Why Are Salary Ranges Secret?

You really do need to know where you stand in a salary range to make wise career choices. So, why won’t your HR department reveal this “secret” information?

Why are Salary Ranges Secret?

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6 thoughts on “Why Are Salary Ranges Secret?

  1. Ugh, you're going to make my life miserable. I already get enough employees asking for raises with one of those free salary.com reports. I've found them to be consistently off in terms of accuracy. But hey, you get what you pay for right?

  2. Anon, I agree about the data there. I think I'll go back to add a disclaimer just so you don't have to suffer too much.

  3. I've been a compensation analyst for 25 years, and I agree, in theory, that salary ranges should be made public within a company. I guess that makes me a fan of 'pay translucency,' not 'pay transparency,' which would entail divulging what individuals earn. Since that is frequently based on performance appraisals that cannot be made public, translucent is the best we can hope for.

    In theory, employees, when shown the simple math and the statistical rigor that we use to define ranges and then collect the market data to assign jobs to ranges, should be able to understand the logic involved and accept how it impacts their own paycheck and work situation.

    Unfortunately, in my experience that has been a case of 'not so much.' With almost no exception, even when employees understand the range, they question their actual or comparative place in their range. (Of course, I can't say anything about comparative numbers, as I am unable to confirm or deny their rock-solid belief that the guy in the next cube is making more than they are. Hint: frequently the guy in the next cube is lying. I know this, because people keep telling me what he makes and it's always wrong.)

    When I have been free to explain the process of market pricing to an employee, I have more often than not been told that I am a) stupidly matching their job or b) a shill for The Man. If the job is slotted because it's unique and can't be priced with survey data, I've been told that I'm not comparing the job internally correctly even though all these decisions are made in a group setting.

    Here's the part that may be insurmountable: no one wants to admit that maybe their work is not as valuable as the next guy's. And I get that, really; nothing is more central to an adult's good feelings about themselves than the thought/belief/and sometimes delusion that what they're contributing is very, very valuable and that they are the very, very best ones at that job. And the question of pay cuts close to some very primal bone; for example, the one that's connected to protecting one's family, and the one connected to just plain surviving. People get very emotional and the potential for irrational behavior becomes much higher.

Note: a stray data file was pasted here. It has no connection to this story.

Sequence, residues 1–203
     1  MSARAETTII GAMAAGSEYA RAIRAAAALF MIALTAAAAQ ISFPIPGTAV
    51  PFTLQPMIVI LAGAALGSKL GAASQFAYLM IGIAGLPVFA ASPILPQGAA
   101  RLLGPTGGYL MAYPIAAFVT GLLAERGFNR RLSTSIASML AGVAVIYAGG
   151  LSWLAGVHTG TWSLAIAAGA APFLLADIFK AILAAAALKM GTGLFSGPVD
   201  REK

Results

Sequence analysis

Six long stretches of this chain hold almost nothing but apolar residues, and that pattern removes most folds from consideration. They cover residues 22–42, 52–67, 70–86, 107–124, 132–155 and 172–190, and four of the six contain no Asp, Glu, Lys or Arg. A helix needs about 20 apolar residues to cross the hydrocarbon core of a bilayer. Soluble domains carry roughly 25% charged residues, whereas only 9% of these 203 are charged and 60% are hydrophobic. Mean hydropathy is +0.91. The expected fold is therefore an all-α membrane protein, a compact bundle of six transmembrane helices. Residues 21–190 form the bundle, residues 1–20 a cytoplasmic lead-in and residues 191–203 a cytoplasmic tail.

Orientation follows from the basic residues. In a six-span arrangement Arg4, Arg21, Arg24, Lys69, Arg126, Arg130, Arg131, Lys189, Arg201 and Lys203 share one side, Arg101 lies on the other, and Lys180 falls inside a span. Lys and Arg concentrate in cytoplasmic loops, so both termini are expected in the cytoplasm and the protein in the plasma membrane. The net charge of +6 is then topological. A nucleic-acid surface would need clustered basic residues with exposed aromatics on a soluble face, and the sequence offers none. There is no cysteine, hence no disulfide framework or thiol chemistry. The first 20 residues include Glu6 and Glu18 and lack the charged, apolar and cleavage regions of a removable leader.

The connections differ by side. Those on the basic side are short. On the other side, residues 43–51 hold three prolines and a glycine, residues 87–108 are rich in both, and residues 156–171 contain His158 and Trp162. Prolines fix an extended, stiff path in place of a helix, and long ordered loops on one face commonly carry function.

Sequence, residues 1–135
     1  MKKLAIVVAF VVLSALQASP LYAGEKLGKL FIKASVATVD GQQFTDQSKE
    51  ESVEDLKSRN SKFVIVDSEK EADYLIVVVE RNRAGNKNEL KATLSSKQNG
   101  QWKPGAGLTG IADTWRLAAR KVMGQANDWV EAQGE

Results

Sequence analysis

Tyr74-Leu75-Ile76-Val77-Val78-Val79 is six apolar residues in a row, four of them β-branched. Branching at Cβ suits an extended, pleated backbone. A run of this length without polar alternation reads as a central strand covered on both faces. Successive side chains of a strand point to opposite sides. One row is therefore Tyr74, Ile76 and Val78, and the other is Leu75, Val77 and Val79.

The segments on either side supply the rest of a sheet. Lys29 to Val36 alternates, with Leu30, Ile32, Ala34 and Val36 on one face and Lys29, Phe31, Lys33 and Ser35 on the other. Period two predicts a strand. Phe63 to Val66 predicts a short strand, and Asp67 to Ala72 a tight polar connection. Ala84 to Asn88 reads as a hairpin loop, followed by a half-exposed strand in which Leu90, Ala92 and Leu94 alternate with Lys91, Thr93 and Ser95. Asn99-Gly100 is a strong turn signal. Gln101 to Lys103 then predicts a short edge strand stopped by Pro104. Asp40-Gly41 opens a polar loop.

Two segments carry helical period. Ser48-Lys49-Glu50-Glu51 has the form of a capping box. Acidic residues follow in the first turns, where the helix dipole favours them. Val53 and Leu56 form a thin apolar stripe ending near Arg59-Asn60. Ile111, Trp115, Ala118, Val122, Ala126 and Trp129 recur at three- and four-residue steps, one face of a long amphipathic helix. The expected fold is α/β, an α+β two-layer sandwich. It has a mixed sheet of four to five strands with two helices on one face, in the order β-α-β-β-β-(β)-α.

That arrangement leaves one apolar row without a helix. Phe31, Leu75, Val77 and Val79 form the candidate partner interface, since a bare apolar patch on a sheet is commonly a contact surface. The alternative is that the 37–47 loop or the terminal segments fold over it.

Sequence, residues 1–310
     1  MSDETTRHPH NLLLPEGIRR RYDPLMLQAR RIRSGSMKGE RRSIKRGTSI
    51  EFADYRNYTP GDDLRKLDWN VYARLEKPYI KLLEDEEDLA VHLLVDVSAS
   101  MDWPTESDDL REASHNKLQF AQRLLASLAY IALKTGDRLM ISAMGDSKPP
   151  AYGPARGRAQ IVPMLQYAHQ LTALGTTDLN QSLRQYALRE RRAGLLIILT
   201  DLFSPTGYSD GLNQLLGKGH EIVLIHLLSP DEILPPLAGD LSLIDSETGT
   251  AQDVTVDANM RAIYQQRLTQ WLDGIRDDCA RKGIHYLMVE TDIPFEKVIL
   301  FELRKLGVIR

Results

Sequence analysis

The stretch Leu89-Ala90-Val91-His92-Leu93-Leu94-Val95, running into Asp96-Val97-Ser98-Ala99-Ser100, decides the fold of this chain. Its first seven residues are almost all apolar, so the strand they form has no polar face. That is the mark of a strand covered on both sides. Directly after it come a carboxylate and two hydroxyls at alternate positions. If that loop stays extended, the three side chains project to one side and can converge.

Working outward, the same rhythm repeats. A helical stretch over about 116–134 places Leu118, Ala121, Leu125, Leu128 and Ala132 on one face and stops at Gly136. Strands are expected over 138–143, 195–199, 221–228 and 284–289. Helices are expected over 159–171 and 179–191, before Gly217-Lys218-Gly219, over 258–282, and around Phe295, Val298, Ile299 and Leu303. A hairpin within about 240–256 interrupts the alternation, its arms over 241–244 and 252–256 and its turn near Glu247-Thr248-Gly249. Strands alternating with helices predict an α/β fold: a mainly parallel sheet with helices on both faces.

Pay translucency could work, with the best line managers ever, who make sure that their employees get unbiased feedback and constructive criticism. In a company where employees' faith in their own managers may not be so rock solid, sharing even salary ranges is fraught with uncertainty and would require, again in my experience, a full time equivalent just to provide the background necessary, field the questions and defend the decisions of the company.

    By the way, frequently this lockdown on pay information comes, not from HR, but from the senior management of the organization. The HR professionals I have worked with over the years almost uniformly support more sharing in the compensation arena, as do I. I get a little tired with people blasting HR as the villain in this piece.

  4. No matter the policy (disclosing or not the ranges), it is highly necessary to be open to discussion about the benchmark methodology.

    People providing personal benchmarks are ready to be challenged on their data if done properly. In many cases, they recognise it may not be really accurate and feel positively surprised we take the time to listen to their queries.

    I would recommend the following paper from Anne Bares (Compensation Force): http://www.compensationforce.com/2010/10/taking-a-stand-for-quality-in-the-pay-data-battle.html

  5. I'd also like to point out that by having the pay and reasons for pay discrepancies known, you can eliminate a great deal of pay discrimination. If a company is actively doing it on purpose it becomes immediately clear, and if it's a situation of more systemic discrimination it becomes known and the issue can be dealt with in an appropriate manner.

    There's no good reason to hide this data, and it really smacks of someone wanting to use that information imbalance to take advantage of others.

  6. The article is really worth to be bookmarked! I really feel that employees should be aware regarding their salaries. So that they can judge themselves better. Salary is the reward that they receive for their part of daily work so it is better to pay them as per their potential rather than snatching their rights!
    HR Manager

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